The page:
I think I remember Martin Wallace once criticizing war games, in particular battle based ones, for giving the players, commanders, too much control over the chaos that ensues. It was probably on a podcast, I forget which.
Whilst I can definitely see where Wallace is coming from, having played two of Richard Berg’s battle field war games I can say that not all war games fit this mold.
Blood and Roses covers seven battles in the English Wars of the Roses, a medieval dynastic study between two noble families. SPQR Deluxe has a ton of scenarios most involving the early Roman republic and its conflicts with it's ancient world rivals.
Foolish Lancastrian mounted knights charge the Yorkist lines only to find out what longbows can do.
I’m posting about both together because the two games have a lot of mechanical similarities. In each you will pull out a map sheet, arrange maybe 20-100 counters per side with some deployment decisions, then start activating and swinging your masses of spears and shields to try and out flank, shock,awe, or grind out your opponents army into dust. Its riveting and made of the stuff of Homeiad epics and medieval sagas. When an enemy line breaks to then recover, or an elephant runs amok at a critical time it brings out some of the most colourful narratives in gaming.
Both games include a significant unknown, other than the dice combat, that answers Wallaces criticism to an extent. Armies are split into sections, called either lines or battles each with their own leaders. Activating your main leader and his troops is fine, but getting the other groups and their leaders to actually fight on cue requires some special dice rolls. If you roll badly, either the don't move at all and the game flips back to your opponent's turn, or you only get to move and fight with a few limited units. This creates a punishing unknown in the game. How far can you push your luck be reactivating troops at longer odds, and when planning when do you expect your opponents longbow men to fire next? Most of the time you simply don’t know. It can be very punishing, In my defeat as Henry at Bosworth the Yorkists activated troops nearly twice as often as I did, but its worth the price for the suspense it brings.
I am Pyrus, He who shall not be named is Rome. His Velites are slaughtered as they cross the stream
In games with a lot of chaos like these, there is a question as to how much of the game is a competitive challenge and how much is it roleplaying with counters? Its definitely a mix. From the two games apiece I have played in both smart decisions have swung the battle one way or tother, but you do need lady luck to really execute on your plans. If I win a game of either I don't really consider myself to have out thinked my opponent, as often a few crucial roles and it would have gone the other way.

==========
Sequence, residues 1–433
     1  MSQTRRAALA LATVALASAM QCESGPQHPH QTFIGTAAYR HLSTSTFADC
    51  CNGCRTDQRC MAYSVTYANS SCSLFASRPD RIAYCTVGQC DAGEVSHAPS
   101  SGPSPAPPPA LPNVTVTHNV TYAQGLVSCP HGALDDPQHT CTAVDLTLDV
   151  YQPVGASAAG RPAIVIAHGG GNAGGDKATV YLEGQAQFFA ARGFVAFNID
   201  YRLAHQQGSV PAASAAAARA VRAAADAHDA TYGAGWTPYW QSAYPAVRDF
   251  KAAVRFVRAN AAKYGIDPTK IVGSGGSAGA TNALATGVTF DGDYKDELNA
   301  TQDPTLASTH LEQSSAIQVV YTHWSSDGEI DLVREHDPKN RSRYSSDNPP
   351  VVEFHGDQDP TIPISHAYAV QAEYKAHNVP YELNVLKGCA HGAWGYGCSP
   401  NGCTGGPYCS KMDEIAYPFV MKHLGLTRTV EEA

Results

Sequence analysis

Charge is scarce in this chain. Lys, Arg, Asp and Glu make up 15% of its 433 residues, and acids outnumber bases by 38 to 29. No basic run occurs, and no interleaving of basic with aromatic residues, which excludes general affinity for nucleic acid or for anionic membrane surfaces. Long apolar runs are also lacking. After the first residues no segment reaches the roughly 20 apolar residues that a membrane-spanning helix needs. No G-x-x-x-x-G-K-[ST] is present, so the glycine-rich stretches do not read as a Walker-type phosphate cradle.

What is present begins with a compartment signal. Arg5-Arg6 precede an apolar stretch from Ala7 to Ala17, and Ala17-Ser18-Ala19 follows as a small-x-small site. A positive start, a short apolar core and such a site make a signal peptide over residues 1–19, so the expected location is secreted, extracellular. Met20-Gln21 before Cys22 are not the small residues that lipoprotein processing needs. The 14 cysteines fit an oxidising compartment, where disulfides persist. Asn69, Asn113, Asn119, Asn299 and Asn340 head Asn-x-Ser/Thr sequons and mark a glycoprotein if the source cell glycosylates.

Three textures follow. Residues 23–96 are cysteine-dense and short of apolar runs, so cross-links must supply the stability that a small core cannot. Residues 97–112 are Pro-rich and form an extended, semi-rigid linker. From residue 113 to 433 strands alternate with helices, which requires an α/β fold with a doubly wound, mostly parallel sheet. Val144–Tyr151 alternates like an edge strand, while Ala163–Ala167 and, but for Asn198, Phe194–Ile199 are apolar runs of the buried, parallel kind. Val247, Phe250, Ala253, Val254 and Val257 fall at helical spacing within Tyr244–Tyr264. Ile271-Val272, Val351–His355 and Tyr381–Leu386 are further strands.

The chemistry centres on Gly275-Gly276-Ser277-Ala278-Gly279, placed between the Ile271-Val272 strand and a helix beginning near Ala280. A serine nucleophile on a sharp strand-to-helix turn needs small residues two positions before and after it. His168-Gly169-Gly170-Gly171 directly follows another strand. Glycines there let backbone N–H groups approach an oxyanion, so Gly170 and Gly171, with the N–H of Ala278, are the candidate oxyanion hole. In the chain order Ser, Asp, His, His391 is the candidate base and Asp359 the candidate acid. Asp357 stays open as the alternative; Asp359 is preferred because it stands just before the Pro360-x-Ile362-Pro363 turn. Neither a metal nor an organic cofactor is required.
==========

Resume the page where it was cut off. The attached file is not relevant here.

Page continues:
Other than setting there are some other differences between the two games. SPQR is quite a bit more complex and time consuming than Blood and Roses. SPQR is part of the Great Battles of History series and B&R is a Men of Iron game. The former is a more hardcore simulation and has a rulebook probably twice as long. There are a lot more exceptions and the tables have even more numbers on them. Berg loves tables in his games. Combat in both games requires you to lookup and often roll on at least two if not three or four tables to get a complete result. You get used to it and it does bring a vivid chaos to the battlefield.
My phalanxes from Macedonia try to hold off the unstoppable Roman tide.
The only other major difference is the overall tone of the two games. The Wars of the Roses were notoriously bloody for the period and both sides were focused on killing opposing leaders. This is reflected in the game. in B&R lots of little counters will die, in SPQR most will get knackered and flee the field.
I probably have a slight preference for SPQR as I like the bigger variety of units and tactical peculiarities that come with them but I'm glad my friend groked the rules and payout the cash for it. B&R is a both cheaper and easier option, although I wouldn't describe it as a simple war game. I'd recommend either, both paint a reasonable interpretation of the history and definitely fulfill their role as educational games on their respective periods. Berg writes great battle books, he gives it some personality by expressing his opinions but also gives it some academic weight telling you the rational for some of his choices.